In the attack, or rather after the surrender of the insurgents, we lost in killed fourteen men, and in wounded twenty men, of whom eight have since died. I attach the names of those killed and wounded, so far as I could learn. Powell and Rowlands were killed near their own tents. I do not include their names in the list of killed, because they never had anything to do with the movement. The unusual proportion of the killed to the wounded is owing to the butchery by the military and troopers after the surrender. The number of killed, if added to the number of prisoners taken to the camp, together with the few who escaped, may be fairly conjectured to amount to about a hundred and forty or a hundred and fifty men. It may, therefore, appear that my return of a hundred and twenty men in the enclosure at the time of the attack is incorrect, but this apparent discrepancy will be readily understood when I state that many were taken prisoners who were not in the ranks of the insurgents. Even some of the State prisoners were not in the movement at all.
I must now call your attention to the despatches of Captain Thomas. In one place he states that the insurgents fired the first volley; in another, he states that he would have attacked us before, but that there was not a sufficient number of insurgents in one place, until the time he made the attack, for him to strike a decisive blow. I regret to contradict the first of these statements point blank. The military fired the first volley, which one company of insurgents returned much sooner than I wished, as I had directed all, except the rifles, to reserve their fire until 'the enemy' should arrive within fifteen yards of them. I do not believe Captain Thomas's assigned reason for not attacking us before, because I know he could see from the camp 500 men on Bakery Hill on Thursday evening, and 1500 on Friday morning. He could have had the honor of crushing the same number by attacking any detachment during Saturday, because the party attacked would have been supported. I believe that Captain Thomas's reason for attacking us on Sunday morning was because he was informed of the smallness of our numbers. The source whence he derived the information has yet to be discovered. I have no doubt that our numbers would have amounted to 1500 on Sunday morning, before seven o'clock, had we not been attacked.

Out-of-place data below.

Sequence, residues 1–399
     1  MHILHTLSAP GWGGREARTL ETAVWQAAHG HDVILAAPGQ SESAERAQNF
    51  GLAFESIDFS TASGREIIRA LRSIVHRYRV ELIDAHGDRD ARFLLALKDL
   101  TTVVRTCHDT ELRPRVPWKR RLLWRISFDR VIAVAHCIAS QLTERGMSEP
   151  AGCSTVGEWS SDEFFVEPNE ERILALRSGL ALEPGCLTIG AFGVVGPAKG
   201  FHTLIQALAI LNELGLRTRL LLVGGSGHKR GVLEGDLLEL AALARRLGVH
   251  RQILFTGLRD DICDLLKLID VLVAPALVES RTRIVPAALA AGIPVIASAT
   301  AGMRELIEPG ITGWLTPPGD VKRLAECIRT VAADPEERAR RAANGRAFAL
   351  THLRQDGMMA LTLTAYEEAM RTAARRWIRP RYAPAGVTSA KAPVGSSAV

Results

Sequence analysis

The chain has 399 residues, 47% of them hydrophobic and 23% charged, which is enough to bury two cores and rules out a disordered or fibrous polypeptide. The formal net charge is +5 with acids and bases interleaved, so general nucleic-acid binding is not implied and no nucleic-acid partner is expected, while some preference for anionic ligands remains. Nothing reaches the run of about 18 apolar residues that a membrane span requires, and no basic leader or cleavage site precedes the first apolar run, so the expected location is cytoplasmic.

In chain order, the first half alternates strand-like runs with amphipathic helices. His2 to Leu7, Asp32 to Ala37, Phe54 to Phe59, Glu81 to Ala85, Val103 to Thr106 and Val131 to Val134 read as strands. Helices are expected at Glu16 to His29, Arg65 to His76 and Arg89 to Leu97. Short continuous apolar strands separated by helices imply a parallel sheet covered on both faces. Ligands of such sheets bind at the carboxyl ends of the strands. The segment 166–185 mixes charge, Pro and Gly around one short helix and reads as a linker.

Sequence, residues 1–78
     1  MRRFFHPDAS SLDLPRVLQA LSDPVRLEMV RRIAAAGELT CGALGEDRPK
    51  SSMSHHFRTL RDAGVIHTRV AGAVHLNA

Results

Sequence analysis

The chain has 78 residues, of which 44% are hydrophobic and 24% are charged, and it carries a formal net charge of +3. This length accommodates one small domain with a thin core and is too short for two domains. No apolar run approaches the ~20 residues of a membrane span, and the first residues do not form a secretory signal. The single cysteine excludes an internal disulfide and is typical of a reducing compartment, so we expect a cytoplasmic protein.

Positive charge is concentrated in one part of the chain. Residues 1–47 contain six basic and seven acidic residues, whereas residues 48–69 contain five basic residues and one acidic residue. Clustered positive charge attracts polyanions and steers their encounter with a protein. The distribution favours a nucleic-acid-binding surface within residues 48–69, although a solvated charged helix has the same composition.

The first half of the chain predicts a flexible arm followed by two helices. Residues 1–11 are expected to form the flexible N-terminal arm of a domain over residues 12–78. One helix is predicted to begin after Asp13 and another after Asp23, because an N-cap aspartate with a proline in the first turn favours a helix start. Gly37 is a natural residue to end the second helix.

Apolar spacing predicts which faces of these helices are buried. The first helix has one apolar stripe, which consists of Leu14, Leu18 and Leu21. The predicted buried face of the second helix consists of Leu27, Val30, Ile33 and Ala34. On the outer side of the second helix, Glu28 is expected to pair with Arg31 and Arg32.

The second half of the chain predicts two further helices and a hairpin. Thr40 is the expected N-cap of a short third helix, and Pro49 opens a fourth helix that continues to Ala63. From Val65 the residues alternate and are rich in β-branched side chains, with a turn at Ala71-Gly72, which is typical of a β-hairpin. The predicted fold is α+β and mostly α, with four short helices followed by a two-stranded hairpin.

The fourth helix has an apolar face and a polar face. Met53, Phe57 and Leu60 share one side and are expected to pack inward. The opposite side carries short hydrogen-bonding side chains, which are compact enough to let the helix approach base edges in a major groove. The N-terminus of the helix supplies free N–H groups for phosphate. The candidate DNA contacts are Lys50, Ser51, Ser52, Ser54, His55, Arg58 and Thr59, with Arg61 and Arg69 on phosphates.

I must here state, that there were only about thirty foreigners in the movement. There are two things connected with the late outbreak which I deeply regret. The first is, that we should have been forced to take up arms at all; and the second is, 'that when we were compelled to take the field in our own defence, we were unable (through the want of arms, ammunition, and a little organization) to inflict on the real authors of the outbreak the punishment they so richly deserved.